Ten Ways to Improve Your Worship Team by janarguitar


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									Ten Ways to Improve Your Worship Team

1. Model worship

Real worship is contagious. As you follow after God and really worship Him, you are teaching
your worship team to worship. Your actions speak much louder than your words. When people
realize that you are passionate about God and passionate about worshipping Him, it will motivate
them to seek that passion for their own lives. Jesus taught by example. He preached, cast out
demons and healed the sick. What did his disciples do? They preached, cast out demons and
healed the sick. If Jesus had just talked about it and not done it, they never would have learned.
They learned by following His example.

You life, especially your relationship with God and your passion for worshipping Him will speak
volumes. By all means teach about worship, but more importantly live it out. When people see
you worshipping and praising God with your whole heart, it will spark a hunger in them.

2. Model musical excellence in your worship

Good musicians have a way of helping other musicians come up to their level. It doesn't happen
overnight, sometimes it takes months and years. If you continually model excellence with
humility, it will inspire you musicians to a higher level.

3. Encourage your musicians to take lessons on their instruments.

I've seen whole groups improve dramatically as they all decided to take lessons and improve.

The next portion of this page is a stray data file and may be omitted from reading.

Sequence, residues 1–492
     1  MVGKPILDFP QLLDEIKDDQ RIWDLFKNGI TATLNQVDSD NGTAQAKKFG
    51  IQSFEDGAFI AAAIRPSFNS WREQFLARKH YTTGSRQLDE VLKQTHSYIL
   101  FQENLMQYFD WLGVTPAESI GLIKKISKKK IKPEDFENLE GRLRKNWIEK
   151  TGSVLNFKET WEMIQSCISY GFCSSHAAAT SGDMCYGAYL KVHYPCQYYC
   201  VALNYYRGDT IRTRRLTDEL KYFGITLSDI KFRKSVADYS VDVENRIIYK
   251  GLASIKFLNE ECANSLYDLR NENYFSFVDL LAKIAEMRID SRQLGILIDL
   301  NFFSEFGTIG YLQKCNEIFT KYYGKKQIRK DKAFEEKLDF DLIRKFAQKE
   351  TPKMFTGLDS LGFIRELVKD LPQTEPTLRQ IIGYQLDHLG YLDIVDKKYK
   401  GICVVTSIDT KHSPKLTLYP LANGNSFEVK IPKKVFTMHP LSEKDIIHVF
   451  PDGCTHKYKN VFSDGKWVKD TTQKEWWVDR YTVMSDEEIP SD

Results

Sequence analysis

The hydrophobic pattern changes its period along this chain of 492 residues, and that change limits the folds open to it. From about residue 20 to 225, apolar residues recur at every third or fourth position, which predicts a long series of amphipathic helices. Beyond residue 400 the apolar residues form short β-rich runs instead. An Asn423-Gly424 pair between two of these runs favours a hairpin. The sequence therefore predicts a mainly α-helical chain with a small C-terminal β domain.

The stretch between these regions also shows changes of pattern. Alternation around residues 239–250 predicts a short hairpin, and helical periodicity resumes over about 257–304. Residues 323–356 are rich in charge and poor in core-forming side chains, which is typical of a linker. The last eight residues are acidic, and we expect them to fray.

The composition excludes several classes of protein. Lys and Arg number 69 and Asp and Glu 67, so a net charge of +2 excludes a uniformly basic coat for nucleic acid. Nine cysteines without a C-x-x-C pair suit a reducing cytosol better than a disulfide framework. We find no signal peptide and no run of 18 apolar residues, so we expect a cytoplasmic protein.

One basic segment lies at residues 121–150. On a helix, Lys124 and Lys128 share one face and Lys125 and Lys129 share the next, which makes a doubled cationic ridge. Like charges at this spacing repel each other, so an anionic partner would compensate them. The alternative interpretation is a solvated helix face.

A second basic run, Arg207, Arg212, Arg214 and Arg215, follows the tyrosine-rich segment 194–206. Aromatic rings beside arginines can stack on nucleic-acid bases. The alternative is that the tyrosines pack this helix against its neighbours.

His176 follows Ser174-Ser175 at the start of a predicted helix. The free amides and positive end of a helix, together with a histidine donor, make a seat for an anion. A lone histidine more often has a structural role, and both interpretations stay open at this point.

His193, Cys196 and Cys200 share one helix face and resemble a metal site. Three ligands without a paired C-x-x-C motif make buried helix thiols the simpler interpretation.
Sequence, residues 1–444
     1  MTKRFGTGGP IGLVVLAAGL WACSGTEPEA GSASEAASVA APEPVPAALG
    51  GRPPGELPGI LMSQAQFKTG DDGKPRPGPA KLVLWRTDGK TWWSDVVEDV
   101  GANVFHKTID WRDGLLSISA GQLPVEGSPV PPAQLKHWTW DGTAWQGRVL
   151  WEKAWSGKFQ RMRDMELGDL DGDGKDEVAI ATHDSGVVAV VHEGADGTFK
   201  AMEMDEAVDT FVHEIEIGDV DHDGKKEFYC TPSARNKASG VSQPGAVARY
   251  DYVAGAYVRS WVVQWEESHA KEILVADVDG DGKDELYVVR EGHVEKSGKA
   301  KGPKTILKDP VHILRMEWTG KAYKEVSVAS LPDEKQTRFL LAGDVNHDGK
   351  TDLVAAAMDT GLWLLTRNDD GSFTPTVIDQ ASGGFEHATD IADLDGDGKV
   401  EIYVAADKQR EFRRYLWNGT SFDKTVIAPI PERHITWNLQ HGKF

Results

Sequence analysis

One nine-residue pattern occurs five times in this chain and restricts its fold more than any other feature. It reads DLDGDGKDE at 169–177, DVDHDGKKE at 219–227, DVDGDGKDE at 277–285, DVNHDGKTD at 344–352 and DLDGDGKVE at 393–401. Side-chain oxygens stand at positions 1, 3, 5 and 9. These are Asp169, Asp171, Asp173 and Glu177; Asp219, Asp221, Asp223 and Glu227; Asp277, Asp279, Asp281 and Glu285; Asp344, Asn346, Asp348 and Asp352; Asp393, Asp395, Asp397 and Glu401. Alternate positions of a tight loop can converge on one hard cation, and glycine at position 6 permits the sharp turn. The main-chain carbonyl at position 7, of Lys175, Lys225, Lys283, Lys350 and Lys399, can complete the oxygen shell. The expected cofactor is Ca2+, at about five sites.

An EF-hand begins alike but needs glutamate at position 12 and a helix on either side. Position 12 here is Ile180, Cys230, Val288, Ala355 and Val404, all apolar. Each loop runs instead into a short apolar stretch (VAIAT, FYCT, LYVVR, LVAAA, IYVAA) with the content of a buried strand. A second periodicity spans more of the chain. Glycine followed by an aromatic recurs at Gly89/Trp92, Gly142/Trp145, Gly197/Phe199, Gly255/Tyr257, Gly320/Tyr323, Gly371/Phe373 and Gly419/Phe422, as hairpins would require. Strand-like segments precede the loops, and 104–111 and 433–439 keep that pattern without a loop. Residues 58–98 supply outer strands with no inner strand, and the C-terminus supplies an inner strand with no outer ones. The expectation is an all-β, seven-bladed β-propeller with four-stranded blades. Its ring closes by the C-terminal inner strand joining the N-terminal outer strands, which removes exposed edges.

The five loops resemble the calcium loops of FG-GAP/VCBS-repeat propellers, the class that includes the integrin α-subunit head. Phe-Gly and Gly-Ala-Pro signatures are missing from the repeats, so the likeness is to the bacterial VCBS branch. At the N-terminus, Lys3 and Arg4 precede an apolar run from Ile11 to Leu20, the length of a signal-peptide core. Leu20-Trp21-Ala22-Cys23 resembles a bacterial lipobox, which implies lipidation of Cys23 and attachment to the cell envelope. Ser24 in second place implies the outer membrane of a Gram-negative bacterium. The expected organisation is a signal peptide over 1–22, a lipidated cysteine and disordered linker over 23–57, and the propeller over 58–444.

Find out who are the best teachers in your area and take lessons. It’s always great to have a
Christian teacher but if none are available find the best teacher, whoever they are. Great music
principles can be learned from most teachers.

4. Constantly put great new worship songs in front of them.

A fresh flow of great music will inspire your musicians. Nothing will sap their motivation faster
than just playing the same old stuff over and over. There is so much great music available. The
leader just needs to do his or her homework and listen to the great worship recordings that are

5. Give them tapes and CD's of the music you want them to learn in advance.

One of the main ways musicians learn is by copying other musicians. Most musicians learn
easier from listening than by reading music.
6. Give your musicians well prepared charts.

I never go to rehearsals without full charts for the songs that I'm going to do. This can be as basic
as just having the words typed out with the chords marked over them in appropriate places, to
having proper melody and harmony lines written out in proper musical form. In 1993 I decided
to write full vocal, rhythm and brass charts out for my worship band and it made a huge
difference. The players reading ability increased dramatically and the overall sound improved
many times over.

Since then I have written over 500 charts of which 350+ are available online at
www.praisecharts.com. What started as charts just for my band is now blessing thousands of
churches around the world.

7. Have great rehearsals.

There is no substitute for good rehearsal time. Expect full participation in rehearsals and demand